You could conceivably stop right there. Maybe add a beaded border or spray the edges with gold. But, if you want to take the cookie one step further, get some piping consistency Royal icing and fill each section.


It is a three-day process, two-day minimum. You will need to flood the cookie on day 1, air-brush the design on the following day, pipe the icing and then wait at least 6 hours to paint, overnight is best.


Once again, the cookie could be left all white. It is polished, simple and elegant. But to me, the fun really starts with painting. So that’s what I did…


Many different kinds of stencils will work, but I find that larger designs are easier to negotiate. Depending on your skill with piping, you can go for more intricate drawings. If the areas are very close together, make sure to pipe regions that are not adjacent, let them set briefly, then continue. I will be playing more with this technique in the near future for sure…

ONE YEAR AGO: For the Love of Frida Kahlo

AMY’S TROPICAL TREASURES

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This is the 8th online lesson I took from Amy… time flies when we are having so much fun, right? This lesson was medium to advanced, and as is often the case with Amy’s designs, lots of different techniques were involved, often several in a single cookie. There were three videos before the online event to make sure we had all the preparation done correctly. Without further ado, here is the full set of my tropical babies!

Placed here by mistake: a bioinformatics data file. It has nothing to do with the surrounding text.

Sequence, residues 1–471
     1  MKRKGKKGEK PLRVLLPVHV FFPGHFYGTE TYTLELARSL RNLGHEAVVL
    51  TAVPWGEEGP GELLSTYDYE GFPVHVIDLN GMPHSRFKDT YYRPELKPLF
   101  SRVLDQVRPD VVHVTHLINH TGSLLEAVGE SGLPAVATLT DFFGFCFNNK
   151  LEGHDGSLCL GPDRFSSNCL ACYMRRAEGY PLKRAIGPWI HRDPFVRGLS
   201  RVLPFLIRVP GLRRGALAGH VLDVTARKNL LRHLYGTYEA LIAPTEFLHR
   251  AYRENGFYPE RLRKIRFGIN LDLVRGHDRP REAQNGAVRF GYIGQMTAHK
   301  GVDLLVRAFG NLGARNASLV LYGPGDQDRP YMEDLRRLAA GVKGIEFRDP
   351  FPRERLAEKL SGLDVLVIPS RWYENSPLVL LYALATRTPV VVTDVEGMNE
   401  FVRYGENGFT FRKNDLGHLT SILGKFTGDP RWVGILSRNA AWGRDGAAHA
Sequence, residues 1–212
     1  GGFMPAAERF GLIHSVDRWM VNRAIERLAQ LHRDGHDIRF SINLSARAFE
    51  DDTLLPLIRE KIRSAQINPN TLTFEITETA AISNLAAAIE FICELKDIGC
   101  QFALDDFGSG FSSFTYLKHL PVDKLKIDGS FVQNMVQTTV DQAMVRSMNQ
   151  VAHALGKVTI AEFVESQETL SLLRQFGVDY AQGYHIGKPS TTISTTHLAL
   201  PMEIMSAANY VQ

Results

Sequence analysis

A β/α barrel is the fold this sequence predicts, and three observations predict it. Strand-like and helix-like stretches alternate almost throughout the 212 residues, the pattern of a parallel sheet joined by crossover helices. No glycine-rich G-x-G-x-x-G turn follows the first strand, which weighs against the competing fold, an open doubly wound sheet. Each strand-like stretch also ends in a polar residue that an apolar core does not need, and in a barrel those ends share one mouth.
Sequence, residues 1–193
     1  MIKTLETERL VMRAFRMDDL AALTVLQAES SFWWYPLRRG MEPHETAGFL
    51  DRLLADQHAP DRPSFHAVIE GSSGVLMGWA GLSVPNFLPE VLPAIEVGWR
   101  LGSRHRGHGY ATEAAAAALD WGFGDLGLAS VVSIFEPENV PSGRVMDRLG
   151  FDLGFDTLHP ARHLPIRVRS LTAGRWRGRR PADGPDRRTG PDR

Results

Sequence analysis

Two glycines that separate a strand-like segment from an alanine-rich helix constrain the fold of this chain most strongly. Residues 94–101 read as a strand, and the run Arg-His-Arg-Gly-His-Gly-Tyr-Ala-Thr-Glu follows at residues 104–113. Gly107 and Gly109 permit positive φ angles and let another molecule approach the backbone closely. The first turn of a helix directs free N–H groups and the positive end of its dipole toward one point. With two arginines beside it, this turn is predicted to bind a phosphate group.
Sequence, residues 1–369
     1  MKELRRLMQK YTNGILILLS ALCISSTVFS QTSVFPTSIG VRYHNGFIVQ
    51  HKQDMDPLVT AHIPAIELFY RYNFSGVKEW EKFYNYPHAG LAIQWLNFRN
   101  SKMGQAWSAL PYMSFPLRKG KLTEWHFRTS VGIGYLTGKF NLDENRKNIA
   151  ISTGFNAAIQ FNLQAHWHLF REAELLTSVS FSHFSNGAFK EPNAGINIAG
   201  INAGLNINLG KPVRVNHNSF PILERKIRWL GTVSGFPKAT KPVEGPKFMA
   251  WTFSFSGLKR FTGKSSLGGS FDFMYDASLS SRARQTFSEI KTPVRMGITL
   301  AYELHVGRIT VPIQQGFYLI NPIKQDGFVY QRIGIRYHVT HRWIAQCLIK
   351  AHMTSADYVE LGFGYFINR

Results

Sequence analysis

There were seven cookies made as the main set, and we also had the option of making a few more in the shape of half-hexagon.


Below you can see all the prep work for class made the evening before…


Some pieces are painted fondant, some are Royal icing transfers (like the hibiscus, made in two stages, flower and stamen).

Of all the techniques involved, the one I need to get better at is stenciling with thick royal icing. I have issues keeping the stencil in place (even using the frame to hold it), and making a smooth layer. We did three different cookies, one with a solid color to stencil, and the other two with two-tones (purple and green). I had some issues with each of these three, but in the end they got other decorations on top and I did my best to hide the “boo-boos.”


Let me highlight some of the cookies and list the techniques used for them…


Flood with purple. Two-tone stencil with thick Royal icing. Flower is painted fondant. Leaves are fondant and Royal icing transfer.



Flood with purple with texture (embossed paper). Brush embroidery flower. Leaves are wafer paper and fondant.